Wednesday, February 03, 2010

Going N.U.T.S. in Bellingham, and Finding # 2,000

I received a phone call from Cookie...Cookie Cacher that is, another geocacher whose name in her other life is Jeanine. Seems Cookie Cacher, who is much smarter than I, had been working on a puzzle series in the Bellingham area called N.U.T.S., and had solved approx 25 of the 37 in the series.

"Road Trip"? she says.....hmmmmm sounds good! This January has been so mild in the Vancouver area that you almost can't call it a winter; more like a mild Fall. Bad for the 2010 Olympics being held here, good for people like us geocachers.

So, road trip it is; 5.20 AM I'm really, I can get up that early if I want to! I bomb out of Maple Ridge over to Surrey to pick her up, only 10 minutes late - not bad considering I'm only half finished my morning cup of tea..........and we make the few miles drive south to cross over the border into the U.S.A.

A 20 minute run down the I5 brought us to the turn off we needed by the Bellingham airport to start our day of caching. Our first cache is a multi-cache that showed we weren't quite with it yet, as it took a few minutes to figure out the trick to the math that we needed to figure out to get to the next waypoint. We ended up solving the quiz and found the cache in the first place I had pointed out 20 minutes ago when we first got onsite. At least we were right!

That "toughie" out the way, we rolled on doing some of the N.U.T.S. caches, mixed in with a few regular caches, as we made our way along the coastline heading for the old section of Bellingham known as Fairhaven.

Fairhaven is the original section of Bellingham, just like Gastown is in Vancouver. There are many brick buildings from the turn of the century, with just as many stories about the buildings and places in the old town. The surrounding areas are a mix of blue collar sections with the occasional old estate style subdivisions reminiscent of a wealthy time. Old stately houses on large lots located on wide, windy streets show off their eloquence like a fine antique. You have to drive slowly down these streets so as to take in the ambience of what it was like to live here 100 years ago when you were the cream of society.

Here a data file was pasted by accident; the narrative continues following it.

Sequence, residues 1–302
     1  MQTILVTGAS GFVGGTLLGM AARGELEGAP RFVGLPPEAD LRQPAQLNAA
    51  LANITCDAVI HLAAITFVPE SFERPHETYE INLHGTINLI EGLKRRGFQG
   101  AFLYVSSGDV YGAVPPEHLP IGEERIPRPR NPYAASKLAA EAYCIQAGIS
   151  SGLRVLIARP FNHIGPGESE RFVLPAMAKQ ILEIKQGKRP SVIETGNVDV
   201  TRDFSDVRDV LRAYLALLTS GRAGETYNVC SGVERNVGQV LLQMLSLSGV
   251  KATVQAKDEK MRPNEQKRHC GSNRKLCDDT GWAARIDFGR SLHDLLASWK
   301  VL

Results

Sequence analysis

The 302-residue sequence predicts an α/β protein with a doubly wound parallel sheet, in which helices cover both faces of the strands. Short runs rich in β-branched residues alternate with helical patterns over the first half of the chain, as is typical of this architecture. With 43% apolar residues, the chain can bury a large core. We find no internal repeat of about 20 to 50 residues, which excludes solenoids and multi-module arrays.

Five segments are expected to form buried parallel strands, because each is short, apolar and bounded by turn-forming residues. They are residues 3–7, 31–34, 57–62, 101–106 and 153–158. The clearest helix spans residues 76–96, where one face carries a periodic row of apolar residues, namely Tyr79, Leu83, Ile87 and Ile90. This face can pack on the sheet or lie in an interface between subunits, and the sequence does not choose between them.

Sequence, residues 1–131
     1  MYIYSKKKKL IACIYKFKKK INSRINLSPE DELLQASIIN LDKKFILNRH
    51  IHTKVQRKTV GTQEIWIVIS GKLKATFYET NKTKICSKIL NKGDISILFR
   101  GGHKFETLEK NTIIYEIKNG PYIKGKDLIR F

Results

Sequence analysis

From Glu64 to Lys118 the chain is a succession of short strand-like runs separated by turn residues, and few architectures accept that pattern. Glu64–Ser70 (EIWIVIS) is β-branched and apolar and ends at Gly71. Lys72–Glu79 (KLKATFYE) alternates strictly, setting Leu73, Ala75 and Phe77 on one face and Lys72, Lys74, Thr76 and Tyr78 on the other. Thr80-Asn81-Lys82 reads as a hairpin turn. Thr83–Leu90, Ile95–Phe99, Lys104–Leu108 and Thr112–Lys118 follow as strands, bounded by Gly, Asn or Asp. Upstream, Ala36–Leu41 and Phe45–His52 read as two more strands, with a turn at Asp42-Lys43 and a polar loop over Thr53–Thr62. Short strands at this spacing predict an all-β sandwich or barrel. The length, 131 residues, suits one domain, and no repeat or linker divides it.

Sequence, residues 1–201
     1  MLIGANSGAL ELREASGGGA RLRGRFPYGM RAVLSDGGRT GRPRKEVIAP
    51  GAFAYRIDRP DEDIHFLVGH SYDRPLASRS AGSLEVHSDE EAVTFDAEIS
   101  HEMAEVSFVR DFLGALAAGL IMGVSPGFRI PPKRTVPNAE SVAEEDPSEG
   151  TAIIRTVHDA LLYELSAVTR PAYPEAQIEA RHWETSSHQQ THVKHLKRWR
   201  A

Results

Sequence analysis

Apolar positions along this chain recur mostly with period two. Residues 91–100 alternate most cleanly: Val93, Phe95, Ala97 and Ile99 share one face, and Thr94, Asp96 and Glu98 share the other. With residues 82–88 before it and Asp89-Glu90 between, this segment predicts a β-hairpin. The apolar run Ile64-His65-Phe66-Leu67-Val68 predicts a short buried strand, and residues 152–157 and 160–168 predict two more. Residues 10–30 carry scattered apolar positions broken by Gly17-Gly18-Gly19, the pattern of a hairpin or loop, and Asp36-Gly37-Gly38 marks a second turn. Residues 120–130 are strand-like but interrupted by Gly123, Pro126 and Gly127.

These sections are what I was looking forward to seeing; the refinement of the 1900's shown in the subdivisions came after the early, rough and tumble days that defined the early downtown area of brick buildings.
Like many cities, early buildings made of wood gave way to wealthier merchants who built stronger brick buildings and planted their families away from the hub bub of coarse downtown, relocating them in the stately suburbs that befitted their stature in life.

There are so many caches in the Bellingham area that we spent the day zig zagging back and forth through various parts of town; from the old section of Fairhaven to the beach front parks, from the present day working class suburbs to the University area high up on the hill, we rolled along through out the day picking up caches.
The area is so cache dense that at times, we would stop and grab a cache, then Cookie cacher would say "the next one is 658 metres away". We would go grab that one, then she would say "the next one is 427 metres away". It seemed like you would jump back in the Jeep, drive a block over, then get out and grab the next one!